11. 11. Middle market leaders learned a number of lessons during the Great Recession, lessons they carry with them as they move forward. A majority of these leaders learned the importance of challenging the status quo and said that they identified greater efficiencies around operations in order to have a leaner company. Lessons Learned From“The ones that are left [are stronger]. Lessons Learned Recession the Great From the Great RecessionWell, I’m sure they had to develop Need to continue to change 51%the skills and those kinds of Company can be leaner 50%things to be quick on their feet, to Make strategic planning a higher priority 43%respond in ways that have allowed Closely monitor our pricing to meet customers’ needsthem to survive.” 32% Diversify our business 31% – Middle Market Executive (Healthcare, Annual Revenue: $101-250 million) More customer-centric 27% Need to save more money 24% Find ways to increase our distribution channels 19% More careful about navigating the lending environment 17% Look to offshore for more of our operations and/or production 7% Look to return more of our operations/production to the U.S. 7% Look to oursource more of our operations/production 6% 7
  12. 12. GROWTH PROSPECTS AND FINANCING Middle market executives are optimistic about several types of growth, including increasing the range of products and services they offer and entering other regions. These leaders are Expected Growth in Next 12 Months Expected Growth in Next 12 Months also satisfied with their access to financing, which can support their growth plans. Increasing range of products/services offered in current markets As middle market firms move through 2012 29% 36% 65% and into the coming year, signs of growth are emerging. During the next 12 months, the Expanding into adjacent markets majority of leaders representing the middleHorizontal Growth 16% 42% 58% market report that their companies will likely: Entering other geographic regions k Increase the range of products and 23% 31% 54% services offered in current markets; k Expand into adjacent markets; and Assuming responsibilities previously k Enter other geographic regions. performed by customers 10% 25% 36% Other types of growth—both vertical Vertical Growth integration and diversification—are less likely. Assuming functionality previously performed by a supplier or distributor During the next 12 months, fewer than half of 10% 23% 33% leaders representing the middle market say that their company is likely to experience: Related diversification, entering into a new business that is familiar to your company k Vertical growth—Assuming 15% 34% 49% responsibilities previously performed by Diversification customers; Unrelated diversification, entering into an k Vertical growth—Assuming functionality unrelated business for your company 6% 14% 20% previously performed by a supplier or Very likely Somewhat likely distributor; k Related diversification—Entering a new business that is familiar to their company; and k Unrelated diversification—Entering an unrelated business. 8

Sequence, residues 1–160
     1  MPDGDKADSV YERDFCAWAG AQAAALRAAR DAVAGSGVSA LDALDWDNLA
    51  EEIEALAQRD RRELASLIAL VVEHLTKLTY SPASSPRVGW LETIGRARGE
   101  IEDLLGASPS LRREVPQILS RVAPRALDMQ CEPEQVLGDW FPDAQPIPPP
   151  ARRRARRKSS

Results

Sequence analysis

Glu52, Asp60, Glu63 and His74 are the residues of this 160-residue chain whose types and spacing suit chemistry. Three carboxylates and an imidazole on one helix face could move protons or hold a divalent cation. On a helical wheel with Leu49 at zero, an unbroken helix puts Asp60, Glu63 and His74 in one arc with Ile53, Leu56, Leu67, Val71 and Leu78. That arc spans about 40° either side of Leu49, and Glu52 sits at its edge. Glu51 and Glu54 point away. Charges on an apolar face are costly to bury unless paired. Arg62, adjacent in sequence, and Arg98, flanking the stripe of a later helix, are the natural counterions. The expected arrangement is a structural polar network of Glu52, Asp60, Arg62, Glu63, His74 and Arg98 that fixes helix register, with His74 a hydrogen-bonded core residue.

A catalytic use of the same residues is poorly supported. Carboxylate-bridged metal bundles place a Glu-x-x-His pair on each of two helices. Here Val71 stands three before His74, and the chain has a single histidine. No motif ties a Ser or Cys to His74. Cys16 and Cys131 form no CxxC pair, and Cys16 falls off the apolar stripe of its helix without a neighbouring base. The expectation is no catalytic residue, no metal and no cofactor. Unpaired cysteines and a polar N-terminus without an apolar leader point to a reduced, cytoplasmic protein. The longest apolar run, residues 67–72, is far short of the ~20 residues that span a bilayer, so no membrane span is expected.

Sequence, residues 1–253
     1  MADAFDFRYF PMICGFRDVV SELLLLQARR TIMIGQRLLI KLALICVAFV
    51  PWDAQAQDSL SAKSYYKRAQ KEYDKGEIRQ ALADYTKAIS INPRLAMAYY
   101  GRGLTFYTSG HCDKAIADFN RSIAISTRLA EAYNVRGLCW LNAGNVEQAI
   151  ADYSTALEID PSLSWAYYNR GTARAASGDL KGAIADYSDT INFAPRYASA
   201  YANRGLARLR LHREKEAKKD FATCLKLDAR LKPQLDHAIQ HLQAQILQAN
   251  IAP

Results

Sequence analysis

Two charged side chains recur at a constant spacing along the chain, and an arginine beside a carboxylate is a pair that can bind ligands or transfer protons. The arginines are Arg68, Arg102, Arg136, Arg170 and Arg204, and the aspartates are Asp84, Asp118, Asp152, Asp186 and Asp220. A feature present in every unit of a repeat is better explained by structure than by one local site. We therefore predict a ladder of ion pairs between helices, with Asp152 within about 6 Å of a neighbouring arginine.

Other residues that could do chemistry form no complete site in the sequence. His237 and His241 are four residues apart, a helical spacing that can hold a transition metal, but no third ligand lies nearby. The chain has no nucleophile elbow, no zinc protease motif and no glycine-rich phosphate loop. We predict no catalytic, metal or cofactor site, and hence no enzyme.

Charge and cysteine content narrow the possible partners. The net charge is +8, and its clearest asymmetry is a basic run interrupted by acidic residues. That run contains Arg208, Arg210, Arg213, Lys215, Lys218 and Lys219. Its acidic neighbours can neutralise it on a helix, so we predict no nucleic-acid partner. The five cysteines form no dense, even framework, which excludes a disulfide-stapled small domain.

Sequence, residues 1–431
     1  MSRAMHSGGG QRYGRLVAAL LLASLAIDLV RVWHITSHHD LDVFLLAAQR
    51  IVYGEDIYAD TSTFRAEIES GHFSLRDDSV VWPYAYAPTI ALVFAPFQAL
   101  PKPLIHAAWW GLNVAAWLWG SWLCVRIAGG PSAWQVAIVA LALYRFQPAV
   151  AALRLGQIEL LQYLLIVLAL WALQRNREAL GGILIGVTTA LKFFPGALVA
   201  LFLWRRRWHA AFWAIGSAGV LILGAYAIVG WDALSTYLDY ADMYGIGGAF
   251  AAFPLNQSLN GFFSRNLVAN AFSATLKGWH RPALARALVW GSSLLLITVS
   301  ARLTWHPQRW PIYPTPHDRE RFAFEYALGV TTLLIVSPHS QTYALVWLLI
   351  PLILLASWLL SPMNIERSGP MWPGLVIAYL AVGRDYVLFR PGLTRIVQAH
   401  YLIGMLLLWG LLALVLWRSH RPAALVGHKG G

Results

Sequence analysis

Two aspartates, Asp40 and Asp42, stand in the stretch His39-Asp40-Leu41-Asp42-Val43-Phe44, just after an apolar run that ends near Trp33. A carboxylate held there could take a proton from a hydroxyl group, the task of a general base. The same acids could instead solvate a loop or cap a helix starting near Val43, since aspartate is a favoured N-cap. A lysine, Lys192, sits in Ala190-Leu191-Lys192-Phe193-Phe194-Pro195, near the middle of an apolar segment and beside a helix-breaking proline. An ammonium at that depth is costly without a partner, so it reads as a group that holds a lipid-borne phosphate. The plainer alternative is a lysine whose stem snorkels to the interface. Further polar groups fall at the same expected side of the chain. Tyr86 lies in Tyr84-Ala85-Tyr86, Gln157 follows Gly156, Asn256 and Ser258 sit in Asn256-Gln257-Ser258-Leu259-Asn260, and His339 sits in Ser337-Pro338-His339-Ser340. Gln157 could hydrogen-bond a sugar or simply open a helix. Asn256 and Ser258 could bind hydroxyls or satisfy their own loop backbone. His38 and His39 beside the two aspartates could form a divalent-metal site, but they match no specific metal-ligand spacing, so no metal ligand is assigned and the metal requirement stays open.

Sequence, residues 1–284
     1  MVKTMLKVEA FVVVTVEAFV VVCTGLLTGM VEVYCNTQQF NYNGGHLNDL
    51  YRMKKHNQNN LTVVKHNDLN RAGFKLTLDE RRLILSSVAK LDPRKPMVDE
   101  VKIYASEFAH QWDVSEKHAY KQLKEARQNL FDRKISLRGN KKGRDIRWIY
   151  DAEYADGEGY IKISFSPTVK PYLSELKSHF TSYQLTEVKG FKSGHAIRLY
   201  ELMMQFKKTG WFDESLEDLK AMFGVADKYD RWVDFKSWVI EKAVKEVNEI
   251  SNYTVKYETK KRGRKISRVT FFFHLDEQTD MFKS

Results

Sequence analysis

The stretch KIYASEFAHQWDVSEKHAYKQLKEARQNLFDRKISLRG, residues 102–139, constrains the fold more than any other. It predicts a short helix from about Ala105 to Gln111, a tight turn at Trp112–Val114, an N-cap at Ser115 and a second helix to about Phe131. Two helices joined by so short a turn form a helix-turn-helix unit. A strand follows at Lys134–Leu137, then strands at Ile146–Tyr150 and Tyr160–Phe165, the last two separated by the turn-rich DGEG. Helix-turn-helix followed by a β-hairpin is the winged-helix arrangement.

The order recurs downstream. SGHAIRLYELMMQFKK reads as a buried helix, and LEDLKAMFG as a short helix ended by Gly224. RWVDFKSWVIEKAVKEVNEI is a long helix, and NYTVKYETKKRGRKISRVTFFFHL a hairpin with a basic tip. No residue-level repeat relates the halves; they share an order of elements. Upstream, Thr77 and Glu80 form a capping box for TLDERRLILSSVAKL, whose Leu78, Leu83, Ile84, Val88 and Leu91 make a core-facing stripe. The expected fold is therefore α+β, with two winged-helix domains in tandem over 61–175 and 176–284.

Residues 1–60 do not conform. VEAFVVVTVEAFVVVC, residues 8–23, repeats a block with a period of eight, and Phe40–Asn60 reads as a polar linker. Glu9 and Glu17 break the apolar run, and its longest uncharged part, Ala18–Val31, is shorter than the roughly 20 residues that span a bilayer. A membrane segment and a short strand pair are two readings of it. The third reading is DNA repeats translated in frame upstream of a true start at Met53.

13. 13. Using survey data collected about different types of growth, researchers developed a growth index to rank companies on their Middle Market Growth Index Index Middle Market Growth growth prospects and to further review middle market executives’ stances on the future in High Growth 15% relation to growth. (Please see the Appendix for a more detailed explanationModerate Growth 46% of the growth index.) A sizeable number of middle market Low Growth 26% executives (4 out of 10) report that they expect their workforce to grow. Only a No Growth 14% small number think that they will have fewer employees during the next 12 months. The plurality say the size of their workforce will remain unchanged during the next year. Expectations for Size of Workforce Expectations for Size of Workforce 47% 42% 11% Size of workforce will increase Size of workforce will decrease Size of workforce will stay the same 9
  14. 14. Satisfaction withAs the middle market considers growth Satisfaction with Financing Environment Financing Environmentopportunities in the coming year, financingwill also play a role. Currently, middle market I am satisfied with my company’s access to financingleaders express satisfaction with differentvariables related to financing. Approximately 23% 58% 81%80 percent report that they are satisfied not I am satisfied with myonly with their company’s access to financing company’s cost of financingbut also the cost of credit. Most (79 percent) 23% 58% 81%also say that they are satisfied with thevariety of financing alternatives available to I am satisfied with the varietythem. However, intensity is low; fewer than of financing alternatives available to my company25 percent strongly agreed with any of themeasures related to financing. 18% 61% 79% Strongly agree Agree 10